Bayes's theorem has wide applications in statistical inference, but today we're going to talk about one that's of crucial concern to anyone trying to improve teaching in a particular school: hiring teachers. Suppose that your interview protocol allows you to identify satisfactory-or-better teachers with 80% accuracy (if you have such a protocol, tell me!). And suppose that 80% of the teachers in the applicant pool are satisfactory-or-better. Then if you interview 100 teachers, here's what happens:

- 80 teachers are satisfactory-or-better. Of these, your interview protocol says that 80%, or 64, really are satisfactory-or-better, and 20%, or 16, it rates as unsatisfactory.
- 20 teachers are unsatisfactory. Of these, your interview protocol says that 80%, or 16, are unsatisfactory, and 20%, or 4, are inaccurately rated as satisfactory-or-better.

What's the takeaway? Well, there are

**68**teachers rated as satisfactory-or-better, but of these, 4 are actually unsatisfactory. Thus if you hire one of the 68 teachers, you have about a 94% chance of getting a satisfactory-or-better teacher.
So far, the odds sound pretty good. But those odds are highly dependent on the assumptions we made: that 80% of the candidates were satisfactory-or-better, and that your protocol helps you tell good from bad 80% of the time. In my experience, neither of these things is necessarily true:

- Many of the satisfactory-or-better teachers are pretty happy where they are, and aren't looking for new jobs. In my experience, the applicant pool for Chicago Public Schools jobs is more like 40% satisfactory-or-better. (Note: I'm
**not, not, not**saying that only 40% of CPS teachers are satisfactory. There are lots of satisfactory-or-better CPS teachers--but in my experience, many of them are committed to the schools where they teach. What I'm saying is that when I was interviewing applicants for jobs at my school, only 40% of the**applicants**were satisfactory-or-better.) - Teachers can have great credentials and interview well without being great in the classroom. You can catch that with demo lessons (I've known of candidates who hit home runs in the interview only to totally whiff the demo lesson), but even that won't tell you how well they relate to students and parents over the long-term, how well they collaborate with colleagues, and how committed they really are to improving their practice. So my guess is that interview protocols are less than 80% reliable, say 70%.

Running that same thought-experiment with our revised assumptions yields very different results:

- Only 40 applicants are satisfactory-or-better, and our protocol identifies 70%, or 28, of them as such. 12 applicants are incorrectly identified as unsatisfactory.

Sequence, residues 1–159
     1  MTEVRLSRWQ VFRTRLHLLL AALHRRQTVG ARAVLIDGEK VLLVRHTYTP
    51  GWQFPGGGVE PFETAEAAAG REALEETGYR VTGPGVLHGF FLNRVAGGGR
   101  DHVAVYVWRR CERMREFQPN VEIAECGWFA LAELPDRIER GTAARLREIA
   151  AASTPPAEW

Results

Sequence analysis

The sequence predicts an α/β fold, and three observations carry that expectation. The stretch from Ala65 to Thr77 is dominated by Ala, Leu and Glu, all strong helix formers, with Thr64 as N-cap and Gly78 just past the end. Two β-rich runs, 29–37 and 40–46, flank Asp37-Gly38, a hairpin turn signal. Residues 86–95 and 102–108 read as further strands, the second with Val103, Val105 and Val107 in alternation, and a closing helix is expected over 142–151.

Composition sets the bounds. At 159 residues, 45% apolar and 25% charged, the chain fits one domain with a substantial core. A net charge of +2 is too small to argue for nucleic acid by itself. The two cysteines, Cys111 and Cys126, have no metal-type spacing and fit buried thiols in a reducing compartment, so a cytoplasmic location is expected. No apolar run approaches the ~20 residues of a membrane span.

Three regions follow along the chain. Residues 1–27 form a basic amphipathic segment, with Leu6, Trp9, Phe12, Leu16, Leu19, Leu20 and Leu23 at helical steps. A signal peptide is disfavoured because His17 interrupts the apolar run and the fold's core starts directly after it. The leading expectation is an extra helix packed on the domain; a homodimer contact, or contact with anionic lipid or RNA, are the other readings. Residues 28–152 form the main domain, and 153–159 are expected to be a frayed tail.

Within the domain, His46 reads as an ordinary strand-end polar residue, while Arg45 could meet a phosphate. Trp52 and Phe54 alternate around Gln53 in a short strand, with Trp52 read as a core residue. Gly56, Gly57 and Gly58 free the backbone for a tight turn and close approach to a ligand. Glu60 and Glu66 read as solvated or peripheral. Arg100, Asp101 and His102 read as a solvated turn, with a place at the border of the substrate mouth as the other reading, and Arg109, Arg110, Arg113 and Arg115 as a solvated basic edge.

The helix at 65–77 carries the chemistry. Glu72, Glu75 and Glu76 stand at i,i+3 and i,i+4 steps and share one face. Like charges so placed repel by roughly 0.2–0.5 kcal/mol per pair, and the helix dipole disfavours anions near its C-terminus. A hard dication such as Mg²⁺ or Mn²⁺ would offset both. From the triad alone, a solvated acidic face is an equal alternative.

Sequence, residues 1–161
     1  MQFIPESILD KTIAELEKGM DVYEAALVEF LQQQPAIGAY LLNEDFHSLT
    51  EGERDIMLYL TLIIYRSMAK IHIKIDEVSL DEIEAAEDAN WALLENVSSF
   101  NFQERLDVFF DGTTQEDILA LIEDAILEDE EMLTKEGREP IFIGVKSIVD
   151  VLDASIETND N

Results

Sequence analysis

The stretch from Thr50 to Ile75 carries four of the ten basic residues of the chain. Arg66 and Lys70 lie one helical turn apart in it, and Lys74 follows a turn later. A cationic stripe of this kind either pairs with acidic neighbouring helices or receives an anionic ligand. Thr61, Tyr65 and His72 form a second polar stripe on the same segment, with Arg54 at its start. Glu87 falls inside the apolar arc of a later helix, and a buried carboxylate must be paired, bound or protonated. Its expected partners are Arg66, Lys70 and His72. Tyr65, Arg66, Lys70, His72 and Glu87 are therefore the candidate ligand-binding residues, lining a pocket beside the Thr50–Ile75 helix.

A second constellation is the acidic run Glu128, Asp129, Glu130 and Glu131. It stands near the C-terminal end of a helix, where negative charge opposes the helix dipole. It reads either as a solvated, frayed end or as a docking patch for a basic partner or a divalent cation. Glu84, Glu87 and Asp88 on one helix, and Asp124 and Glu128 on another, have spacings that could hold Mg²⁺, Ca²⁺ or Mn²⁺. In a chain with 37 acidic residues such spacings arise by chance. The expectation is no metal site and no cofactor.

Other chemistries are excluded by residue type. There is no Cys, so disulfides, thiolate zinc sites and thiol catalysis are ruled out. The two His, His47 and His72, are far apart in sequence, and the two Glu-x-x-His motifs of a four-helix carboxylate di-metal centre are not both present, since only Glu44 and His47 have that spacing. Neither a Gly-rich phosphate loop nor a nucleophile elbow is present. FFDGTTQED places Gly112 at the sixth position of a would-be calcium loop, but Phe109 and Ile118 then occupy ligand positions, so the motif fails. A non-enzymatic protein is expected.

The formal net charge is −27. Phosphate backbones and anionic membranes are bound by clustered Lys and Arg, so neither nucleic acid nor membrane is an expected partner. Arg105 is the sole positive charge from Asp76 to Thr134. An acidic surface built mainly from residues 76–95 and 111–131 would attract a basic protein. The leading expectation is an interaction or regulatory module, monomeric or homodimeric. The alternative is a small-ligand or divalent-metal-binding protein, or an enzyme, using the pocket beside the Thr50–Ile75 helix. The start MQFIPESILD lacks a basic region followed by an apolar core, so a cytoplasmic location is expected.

- 60 applicants are unsatisfactory, and our protocol identifies 70%, or 42, of them as such. 18 applicants are incorrectly identified as satisfactory.

Thus 46 applicants are identified as satisfactory-or-better, of whom only 28 really are satisfactory. So the probability that a given applicant who passes the interview process is actually satisfactory is 28/46, or about 61%. Under these conditions, then, if you hire five candidates, only three will probably work out. And you'll be stuck with two whom you sort of wish you didn't hire.

What are some conclusions we can draw?

- The usefulness of hiring procedures has as much to do with the overall quality of the applicant pool as it does with the theoretical reliability of the procedure itself. If the pool has lots of unsatisfactory teachers, even a good test will end up with many of the apparently-satisfactory teachers being actually unsatisfactory.
- If you don't have a great applicant pool, firing a teacher who isn't working out will only result in a substantial improvement 60% of the time. That's better than nothing, but a whole lot less than the "Just fire all the bad teachers" voices usually let on.
- If lots of bad teachers are suddenly fired, the applicant pool will get worse, both because the fired teachers are now in it, and because lots of people are trying to hire the good ones (remember that 3/5 of the teachers we hire, even under the pessimistic assumption, are good teachers). And then as we've seen, hiring procedures become less effective at securing satisfactory teachers for jobs. So as a system-wide policy, "fire the bad teachers" is unlikely to produce substantial improvements for a large fraction (probably more than half) of the kids in the system.

So it's unlikely that we can hire--or fire--our way to great teachers. We need to take the teachers we already have and develop them instead.